Dabbling ducks and Diving duck
Dabbling ducks are usually found around shallow ponds. They feed with just their bill in the water or they “tip up” with the entire head underwater and the rear-end rises up. Dabbling ducks are filter feeders and they sift water through their beaks and capture aquatic (water) insects and plants, seeds, snails, and clams. Dabbling ducks nest within a few hundred feet of water in tall grass. Most dabbling ducks breed in Minnesota, Iowa, South Dakota and North Dakota and Manitoba, Canada in what is known as the “prairie pothole” region. This refers to small glacial ponds that dot the prairie states.
Diving ducks totally submerge beneath the water when they are feeding. They dive to the bottom and feed on aquatic plants, seeds, snails, small fish and crustaceans. A duck may mistakenly ingest lead shot that sunk to the bottom after it was fired from a shotgun. Unfortunately, “lead shot poisoning” was a common cause of death in diving ducks. However, lead shot has been outlawed and diving duck populations have rebounded. During the spring migration, divers are seen on permanent ponds and on small lakes. In the winter, they prefer saltwater bays, estuaries, and harbors.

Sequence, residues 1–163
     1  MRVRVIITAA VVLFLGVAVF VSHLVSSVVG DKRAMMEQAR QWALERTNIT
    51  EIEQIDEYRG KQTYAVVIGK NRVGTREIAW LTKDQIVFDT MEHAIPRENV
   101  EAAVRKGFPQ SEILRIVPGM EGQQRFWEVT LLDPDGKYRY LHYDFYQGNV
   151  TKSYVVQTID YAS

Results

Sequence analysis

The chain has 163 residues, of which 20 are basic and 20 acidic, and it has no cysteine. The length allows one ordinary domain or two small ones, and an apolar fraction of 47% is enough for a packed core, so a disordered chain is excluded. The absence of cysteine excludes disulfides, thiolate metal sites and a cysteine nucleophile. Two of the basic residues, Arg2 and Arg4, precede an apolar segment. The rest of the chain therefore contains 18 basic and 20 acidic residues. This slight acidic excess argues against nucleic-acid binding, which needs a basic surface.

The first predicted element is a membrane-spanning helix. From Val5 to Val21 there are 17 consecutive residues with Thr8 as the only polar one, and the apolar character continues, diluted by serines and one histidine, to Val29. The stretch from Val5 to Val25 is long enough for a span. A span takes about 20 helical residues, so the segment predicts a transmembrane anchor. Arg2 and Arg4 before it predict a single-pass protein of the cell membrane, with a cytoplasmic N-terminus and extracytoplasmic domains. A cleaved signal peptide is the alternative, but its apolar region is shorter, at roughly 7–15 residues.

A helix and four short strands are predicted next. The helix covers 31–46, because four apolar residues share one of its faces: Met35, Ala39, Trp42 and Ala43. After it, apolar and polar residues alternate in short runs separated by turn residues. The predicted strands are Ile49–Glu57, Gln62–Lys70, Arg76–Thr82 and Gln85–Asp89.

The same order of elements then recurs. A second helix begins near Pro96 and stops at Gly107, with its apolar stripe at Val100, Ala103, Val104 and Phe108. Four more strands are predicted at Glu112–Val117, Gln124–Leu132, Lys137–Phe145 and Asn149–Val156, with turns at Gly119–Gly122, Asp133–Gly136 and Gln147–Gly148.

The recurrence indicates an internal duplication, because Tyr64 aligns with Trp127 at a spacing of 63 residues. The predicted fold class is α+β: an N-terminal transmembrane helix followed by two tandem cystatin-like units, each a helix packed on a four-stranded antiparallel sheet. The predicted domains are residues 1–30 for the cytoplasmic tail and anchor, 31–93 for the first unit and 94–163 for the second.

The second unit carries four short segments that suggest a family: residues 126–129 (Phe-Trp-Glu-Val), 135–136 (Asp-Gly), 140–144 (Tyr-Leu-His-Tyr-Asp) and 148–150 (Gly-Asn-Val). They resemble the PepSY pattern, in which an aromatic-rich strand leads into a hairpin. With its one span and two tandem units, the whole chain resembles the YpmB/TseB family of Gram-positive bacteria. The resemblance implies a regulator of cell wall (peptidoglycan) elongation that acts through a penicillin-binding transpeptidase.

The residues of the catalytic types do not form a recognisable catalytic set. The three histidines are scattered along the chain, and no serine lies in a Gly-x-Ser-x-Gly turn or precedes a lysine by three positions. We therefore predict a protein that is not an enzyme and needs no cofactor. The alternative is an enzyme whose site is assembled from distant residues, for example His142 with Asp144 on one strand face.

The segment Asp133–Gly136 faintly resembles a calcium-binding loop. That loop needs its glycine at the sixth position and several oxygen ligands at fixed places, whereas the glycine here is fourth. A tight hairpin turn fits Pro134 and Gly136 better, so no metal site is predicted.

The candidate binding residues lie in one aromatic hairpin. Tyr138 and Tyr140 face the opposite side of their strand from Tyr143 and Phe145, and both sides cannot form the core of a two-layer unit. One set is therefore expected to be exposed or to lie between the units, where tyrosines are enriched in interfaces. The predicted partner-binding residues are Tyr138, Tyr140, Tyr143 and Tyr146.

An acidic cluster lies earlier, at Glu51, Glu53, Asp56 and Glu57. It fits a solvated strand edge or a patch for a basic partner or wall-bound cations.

What to do: Click on the “Start” button below to take the Waterfowl Quiz. Read the description of each duck and then guess its name.